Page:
Urban Artist David Flores Paints APU Shakespeare Mural

by Camille Garcia '15

“Shakespeare,” they said and the artist loved the idea. He expertly began to sketch the legendary playwright. A week later, standing before the 40-square-foot white wall, he set up his projector and placed the stencil. An outlined portrait of Shakespeare lit up the space. The artist then proceeded to a crane that lifted him high above the ground to work his magic with rollers and spray paint. Three days and 18 hours later, the completed Shakespeare mural adorned the eastern entrance to the Department of Theater Arts in the Mary Hill Center. The famous face, cast in black, white, and gray, appears above a giant painted red ribbon that reads “Theater Arts.”

The artist, David Flores, a Los Angeles-based muralist, is well known for painting prominent art figures such as Andy Warhol, Frida Kahlo, and Salvador Dali. Commissioned across the globe for his work, Flores has collaborated with Vans and Disney, among other prominent corporations. A gift from the Windgate Foundation, a nonprofit organization that supports arts programs, funded the project.

Jim Daichendt, Ed.D., associate dean of the School of Visual and Performing Arts, first connected with the muralist when he reviewed Flores’ work in his book Stay Up! Los Angeles Street Art<. Through their interaction, Daichendt envisioned Flores painting a mural on APU’s campus. Daichendt proposed his idea to APU’s stakeholders—from faculty members to the university’s president—and everyone loved the idea.

“When you paint a mural in a public place such as this, it communicates that creative people live and work here, and these places really matter to us,” said Daichendt.

Rachel Tracie, Ph.D., associate professor and chair of the Department of Theater Arts, echoed Daichendt’s enthusiasm for the project, believing the Shakespeare mural would have a fundamental impact on the department. The opening show for the school year, A Midsummer’s Night Dream, coincided with the art project, which drummed up excitement and reflected the department’s commitment to produce plays of cultural importance.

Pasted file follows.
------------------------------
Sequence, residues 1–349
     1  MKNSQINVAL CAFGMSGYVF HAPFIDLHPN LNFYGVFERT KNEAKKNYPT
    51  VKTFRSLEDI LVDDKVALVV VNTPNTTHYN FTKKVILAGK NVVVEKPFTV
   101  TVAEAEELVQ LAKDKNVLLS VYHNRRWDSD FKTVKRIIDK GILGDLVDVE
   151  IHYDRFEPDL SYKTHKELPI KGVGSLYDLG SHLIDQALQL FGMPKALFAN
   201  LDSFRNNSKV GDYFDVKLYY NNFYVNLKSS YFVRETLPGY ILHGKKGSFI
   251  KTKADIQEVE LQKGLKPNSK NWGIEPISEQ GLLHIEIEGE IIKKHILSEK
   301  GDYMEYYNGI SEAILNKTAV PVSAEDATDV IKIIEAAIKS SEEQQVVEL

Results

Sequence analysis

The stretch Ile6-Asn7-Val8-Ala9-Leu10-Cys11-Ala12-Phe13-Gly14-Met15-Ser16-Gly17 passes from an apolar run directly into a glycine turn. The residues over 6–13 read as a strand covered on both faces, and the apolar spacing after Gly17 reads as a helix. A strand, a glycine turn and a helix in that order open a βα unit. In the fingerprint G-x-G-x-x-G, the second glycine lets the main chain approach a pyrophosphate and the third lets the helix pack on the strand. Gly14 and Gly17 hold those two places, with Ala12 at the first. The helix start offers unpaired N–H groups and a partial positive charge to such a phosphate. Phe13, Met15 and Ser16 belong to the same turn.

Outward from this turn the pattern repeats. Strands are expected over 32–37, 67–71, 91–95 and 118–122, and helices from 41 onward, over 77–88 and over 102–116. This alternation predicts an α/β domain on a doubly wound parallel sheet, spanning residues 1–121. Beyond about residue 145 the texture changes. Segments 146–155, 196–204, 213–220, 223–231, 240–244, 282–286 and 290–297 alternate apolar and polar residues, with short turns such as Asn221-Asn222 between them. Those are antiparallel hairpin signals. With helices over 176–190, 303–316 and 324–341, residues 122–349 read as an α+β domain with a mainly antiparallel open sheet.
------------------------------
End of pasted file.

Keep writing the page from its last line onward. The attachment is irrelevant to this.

“Shakespeare seemed a natural choice because he’s one of the only playwrights recognizable to more than just theater people,” said Tracie. “The mural is different—it speaks to who we are and what we want to be as a department, which is doing classical work, but also new things with it.”

To accompany the mural, associate professor Stephen Childs, MFA, coordinated an on-campus exhibit to highlighting Flores’ artwork and product designs. His art is on display in the Duke Art Gallery through December 12. The new mural and the exhibit are also featured in GIFT, a hardbound book showcasing Flores’ career, an exclusive interview of Childs and Flores, and essays by the faculty from the Department of Art and Design. Within the next few weeks, the book will be released in bookstore retailers and online.

“Hosting David Flores and commissioning his work play a role in elevating the university’s stature in the larger art community and exposes the APU community to a prominent Los Angeles artist,” said Childs.

Flores felt honored to paint Shakespeare for the APU community, saying it was one of the most prominent murals he has done to date. “Shakespeare was an artist of words,” said Flores. “It's my intention to promote art and artists—it falls in line with my work.”